This is what Kenner calls the Gulliver game, embodied in its purest form in the Turing game, which identifies what it is to be human with the ability to produce the Goodmanian letters and spaces that would look just like the letters and spaces a human would produce, thereby making the computer indistinguishable from the human. The computer (and here he anticipates John Searle’s Chinese Room argument, which makes sense since Goodman’s idea of a text is a syntax independent of any semantics) is the most advanced player in the you’re not allowed to understand what you’re talking about game.
On the one hand, the eruption of materiality into the representational artwork so vividly illustrated by the Hartpence story will put modernism into motion—it will be “the exact place … modern art began.” On the other, the totalization of this materiality will threaten, as we’re beginning to see, to spell modernism’s end.
So if it is the case that, as Anscombe says, “I do what happens,” then Kenner’s project is to explore a mode of artistic production that hinges precisely on the point where what happens purposefully occludes what someone is doing. Kenner describes the “principal component” of Eliot’s dramatic method as “his unemphatic use of a structure of incidents in which one is not really expected to believe.” In other words, he builds a counterfeit world for his characters. When we come to categorically not believe what is happening, we begin to think about what they might be doing, “thus throwing attention on to the invisible drama of volition and vocation. The plot provides, almost playfully, external and stageable points of reference for this essentially interior drama.”
Even for a reader who cares not a whit about Emily Hale the historical person, the letters, in pointing out sources and underscoring potential autobiographical readings, further point to the fictional nature of Eliotic impersonality. It is both a fiction in being impossible (i.e., a poet can’t write something and truly divorce the writing from the life) but it’s also a fiction-making process, because it mirrors the creation of narrative fiction, where an author imagines works not confined by real events. Kenner’s “invisible” poet is a product and author of fiction.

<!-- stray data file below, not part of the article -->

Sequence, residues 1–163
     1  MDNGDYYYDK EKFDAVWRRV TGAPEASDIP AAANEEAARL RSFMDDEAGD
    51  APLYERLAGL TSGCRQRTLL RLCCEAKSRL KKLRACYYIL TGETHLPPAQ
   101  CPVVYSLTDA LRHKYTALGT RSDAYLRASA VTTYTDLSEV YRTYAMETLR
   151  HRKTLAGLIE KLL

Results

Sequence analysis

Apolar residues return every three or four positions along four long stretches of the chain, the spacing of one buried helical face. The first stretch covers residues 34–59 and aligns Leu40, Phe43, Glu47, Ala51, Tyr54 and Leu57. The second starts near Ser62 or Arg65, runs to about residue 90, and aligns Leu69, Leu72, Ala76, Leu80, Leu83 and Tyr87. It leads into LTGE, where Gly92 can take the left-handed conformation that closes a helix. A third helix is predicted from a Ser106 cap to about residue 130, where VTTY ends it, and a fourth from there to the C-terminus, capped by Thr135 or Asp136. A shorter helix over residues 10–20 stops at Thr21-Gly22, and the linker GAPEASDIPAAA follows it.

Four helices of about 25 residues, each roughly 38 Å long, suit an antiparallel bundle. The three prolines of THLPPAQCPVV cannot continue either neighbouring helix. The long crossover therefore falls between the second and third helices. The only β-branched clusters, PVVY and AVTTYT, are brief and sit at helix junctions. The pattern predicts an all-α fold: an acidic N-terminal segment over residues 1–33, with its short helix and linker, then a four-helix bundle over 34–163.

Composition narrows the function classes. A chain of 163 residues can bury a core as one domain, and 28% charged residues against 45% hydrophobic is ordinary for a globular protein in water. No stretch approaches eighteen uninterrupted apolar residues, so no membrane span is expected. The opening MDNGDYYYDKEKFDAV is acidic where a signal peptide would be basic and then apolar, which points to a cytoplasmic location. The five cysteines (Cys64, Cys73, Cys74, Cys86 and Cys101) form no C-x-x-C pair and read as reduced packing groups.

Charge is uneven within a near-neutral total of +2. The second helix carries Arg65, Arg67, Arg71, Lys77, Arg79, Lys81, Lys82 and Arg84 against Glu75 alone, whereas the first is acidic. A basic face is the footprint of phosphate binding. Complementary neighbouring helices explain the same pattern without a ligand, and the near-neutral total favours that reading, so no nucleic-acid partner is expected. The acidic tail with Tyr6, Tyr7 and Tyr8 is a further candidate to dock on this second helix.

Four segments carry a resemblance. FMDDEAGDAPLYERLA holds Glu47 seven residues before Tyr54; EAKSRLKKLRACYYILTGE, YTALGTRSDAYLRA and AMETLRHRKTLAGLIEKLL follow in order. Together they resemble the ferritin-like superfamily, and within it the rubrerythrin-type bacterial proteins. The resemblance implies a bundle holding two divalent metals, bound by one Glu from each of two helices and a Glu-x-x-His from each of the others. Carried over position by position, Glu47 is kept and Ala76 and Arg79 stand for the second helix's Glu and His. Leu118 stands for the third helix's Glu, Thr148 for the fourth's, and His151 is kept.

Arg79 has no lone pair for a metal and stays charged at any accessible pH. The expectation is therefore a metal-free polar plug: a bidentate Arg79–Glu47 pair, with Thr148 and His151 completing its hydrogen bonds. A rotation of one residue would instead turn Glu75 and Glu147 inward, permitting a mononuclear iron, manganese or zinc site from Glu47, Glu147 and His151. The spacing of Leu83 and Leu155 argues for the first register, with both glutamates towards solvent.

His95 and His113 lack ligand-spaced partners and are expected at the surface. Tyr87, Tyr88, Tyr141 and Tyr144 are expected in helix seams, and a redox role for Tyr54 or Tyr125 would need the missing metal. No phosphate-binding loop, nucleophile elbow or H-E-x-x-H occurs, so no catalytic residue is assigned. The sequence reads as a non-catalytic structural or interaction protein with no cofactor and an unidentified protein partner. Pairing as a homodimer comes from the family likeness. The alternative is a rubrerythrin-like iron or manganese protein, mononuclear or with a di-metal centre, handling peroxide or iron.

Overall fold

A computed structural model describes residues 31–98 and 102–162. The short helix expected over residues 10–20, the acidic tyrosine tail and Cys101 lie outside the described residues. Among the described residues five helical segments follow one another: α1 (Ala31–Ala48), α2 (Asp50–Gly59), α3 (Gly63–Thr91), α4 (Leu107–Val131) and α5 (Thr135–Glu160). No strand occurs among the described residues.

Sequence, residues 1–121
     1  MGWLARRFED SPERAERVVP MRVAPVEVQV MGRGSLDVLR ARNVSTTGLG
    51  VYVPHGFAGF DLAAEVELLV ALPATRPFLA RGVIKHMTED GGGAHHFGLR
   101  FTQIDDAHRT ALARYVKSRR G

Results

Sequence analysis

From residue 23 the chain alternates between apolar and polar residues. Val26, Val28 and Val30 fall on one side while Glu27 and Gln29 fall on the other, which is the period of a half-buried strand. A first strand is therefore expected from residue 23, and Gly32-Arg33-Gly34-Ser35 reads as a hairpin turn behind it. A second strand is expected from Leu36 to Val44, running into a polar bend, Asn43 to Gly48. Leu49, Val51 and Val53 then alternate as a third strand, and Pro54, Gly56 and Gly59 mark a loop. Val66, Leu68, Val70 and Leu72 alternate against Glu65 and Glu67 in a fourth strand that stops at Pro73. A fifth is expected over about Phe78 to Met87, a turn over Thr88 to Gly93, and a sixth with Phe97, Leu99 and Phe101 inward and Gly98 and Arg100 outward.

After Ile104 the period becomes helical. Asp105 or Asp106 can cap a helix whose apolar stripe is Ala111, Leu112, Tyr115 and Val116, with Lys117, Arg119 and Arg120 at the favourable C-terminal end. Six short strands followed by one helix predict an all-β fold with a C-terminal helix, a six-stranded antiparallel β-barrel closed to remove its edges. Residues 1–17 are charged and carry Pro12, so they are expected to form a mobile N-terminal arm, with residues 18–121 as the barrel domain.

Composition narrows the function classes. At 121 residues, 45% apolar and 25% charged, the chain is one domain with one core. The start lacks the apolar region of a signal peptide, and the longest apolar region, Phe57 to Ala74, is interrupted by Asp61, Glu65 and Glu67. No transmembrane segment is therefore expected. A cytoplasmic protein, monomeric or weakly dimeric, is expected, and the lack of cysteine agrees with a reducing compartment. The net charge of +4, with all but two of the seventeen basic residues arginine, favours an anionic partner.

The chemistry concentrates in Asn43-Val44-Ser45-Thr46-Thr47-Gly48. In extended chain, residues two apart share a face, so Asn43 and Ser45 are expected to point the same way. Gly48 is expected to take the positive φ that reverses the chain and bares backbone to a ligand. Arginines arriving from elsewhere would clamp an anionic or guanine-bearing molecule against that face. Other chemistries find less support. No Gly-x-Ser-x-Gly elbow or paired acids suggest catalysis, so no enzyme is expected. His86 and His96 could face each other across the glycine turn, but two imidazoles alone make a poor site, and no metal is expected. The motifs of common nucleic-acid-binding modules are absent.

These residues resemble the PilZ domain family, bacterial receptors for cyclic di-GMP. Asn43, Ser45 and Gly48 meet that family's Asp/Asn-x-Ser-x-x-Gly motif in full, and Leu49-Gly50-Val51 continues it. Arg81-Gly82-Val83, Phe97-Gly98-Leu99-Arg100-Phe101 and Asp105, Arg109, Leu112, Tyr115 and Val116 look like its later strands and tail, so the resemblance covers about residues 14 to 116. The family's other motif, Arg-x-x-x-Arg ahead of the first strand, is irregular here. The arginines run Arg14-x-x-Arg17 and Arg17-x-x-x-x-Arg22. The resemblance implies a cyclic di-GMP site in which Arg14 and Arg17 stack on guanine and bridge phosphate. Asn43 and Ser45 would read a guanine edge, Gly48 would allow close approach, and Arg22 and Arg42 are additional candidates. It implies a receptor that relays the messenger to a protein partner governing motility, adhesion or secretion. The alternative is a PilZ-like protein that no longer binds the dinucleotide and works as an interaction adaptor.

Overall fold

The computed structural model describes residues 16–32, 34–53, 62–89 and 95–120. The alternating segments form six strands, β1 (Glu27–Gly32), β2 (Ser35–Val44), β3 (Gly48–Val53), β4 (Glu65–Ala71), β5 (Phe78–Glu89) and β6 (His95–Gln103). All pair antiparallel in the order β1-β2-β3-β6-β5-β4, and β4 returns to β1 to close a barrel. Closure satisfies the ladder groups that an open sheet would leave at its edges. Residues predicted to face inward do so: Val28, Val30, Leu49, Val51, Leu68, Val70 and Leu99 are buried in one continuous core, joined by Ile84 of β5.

Abbas sees this musical Brecht as offering a fuller means of accessing the nature of fascism, an account that necessarily draws together “war, capital, and colony,” but also “patriarchy,” “supremacism” and the “colonializing … discourse of the expert,” what she also calls “knowledge systems of colonial and capitalist modernity.” Abbas warns the reader against the urge to “separate” these terms as these “systems are contained within each other,” so that for Abbas, addressing one is addressing the others. This is, I argue, a classically “inaccurate” picture of capitalism.
This essay traces the political development of black urban professionals and managers from the urban renewal era to the early period of federal devolution and privatization in the 1970s and 1980s. These periods are the foundation by which “generations” of black urban regimes have been generated. The staying power of black political entrepreneurs results from their capacity for populating, activating, and contracting black-led organizations in the nonprofit sector, which has allowed them to adjust to fiscal retrenchment and subsequent privatization. Black mayors have channeled demands for investment in public goods into contracts for black-led nonprofits and bootstrap social programs. In particular, the housing and community development field has allowed black political aspirants to cement ties to the real estate industry which plays an outsize role in postindustrial urban economies.
Rustin saw politics through a concrete, strategic lens, which provided a perspective that has become increasingly remote from both academic and activist experience. Indeed, as demonstrated in the essays selected here, he explicitly rejected the moralistic discourse that he saw undergirding much of Black Power and New Left politics, as well as the tendency to reduce the sources of inequality to psychologistic factors like prejudice, discrimination, or a generic racism.
Black capitalism is endorsed not only by Roy Innis of CORE but by President Nixon and various corporate interests. It does not cost much, and it leaves ghettos intact. The vast majority of black people, of course, are not capitalists and never will be, and they stand to lose from “buying black.” For black workers to define their problem primarily in terms of race is to ally themselves with white capitalists against white workers. It is the old strategy of Booker Washington in new guise. As Marcus Garvey put it, “The only convenient friend the Negro worker or laborer has in America at the present time is the white capitalist.”
The only way to really help the poor is to establish opportunities, as part of the total economic order, which in some way reflect the manner in which the poor immigrants gained a foothold in American society. It becomes tiresome to hear people who were very poor when they got here talk about how they lifted themselves by their bootstraps….Now they think they did, but they didn’t….I am for all kinds of educational programs. But education as we know it is not relevant to the fundamental problem of poverty. We must concentrate on providing people with opportunities to relate productively to the life of the society.